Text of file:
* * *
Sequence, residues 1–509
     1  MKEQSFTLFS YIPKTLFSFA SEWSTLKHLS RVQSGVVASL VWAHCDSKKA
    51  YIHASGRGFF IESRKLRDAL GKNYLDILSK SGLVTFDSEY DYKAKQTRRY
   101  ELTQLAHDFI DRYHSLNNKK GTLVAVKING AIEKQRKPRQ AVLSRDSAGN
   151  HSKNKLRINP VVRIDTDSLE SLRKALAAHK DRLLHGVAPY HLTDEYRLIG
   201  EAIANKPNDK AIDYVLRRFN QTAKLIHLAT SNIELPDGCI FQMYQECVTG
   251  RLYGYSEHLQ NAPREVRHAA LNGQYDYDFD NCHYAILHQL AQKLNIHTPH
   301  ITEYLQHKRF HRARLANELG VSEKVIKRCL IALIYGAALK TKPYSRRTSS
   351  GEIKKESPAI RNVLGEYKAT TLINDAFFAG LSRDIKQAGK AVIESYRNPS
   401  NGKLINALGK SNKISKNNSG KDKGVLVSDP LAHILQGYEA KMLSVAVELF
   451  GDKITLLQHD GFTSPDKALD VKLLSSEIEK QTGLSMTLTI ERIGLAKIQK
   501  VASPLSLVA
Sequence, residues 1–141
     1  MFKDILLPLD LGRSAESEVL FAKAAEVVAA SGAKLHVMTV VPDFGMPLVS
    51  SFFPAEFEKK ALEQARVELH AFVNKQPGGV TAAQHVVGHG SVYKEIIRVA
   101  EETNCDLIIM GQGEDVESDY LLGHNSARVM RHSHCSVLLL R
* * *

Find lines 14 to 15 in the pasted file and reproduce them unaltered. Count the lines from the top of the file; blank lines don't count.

     1  MFKDILLPLD LGRSAESEVL FAKAAEVVAA SGAKLHVMTV VPDFGMPLVS
    51  SFFPAEFEKK ALEQARVELH AFVNKQPGGV TAAQHVVGHG SVYKEIIRVA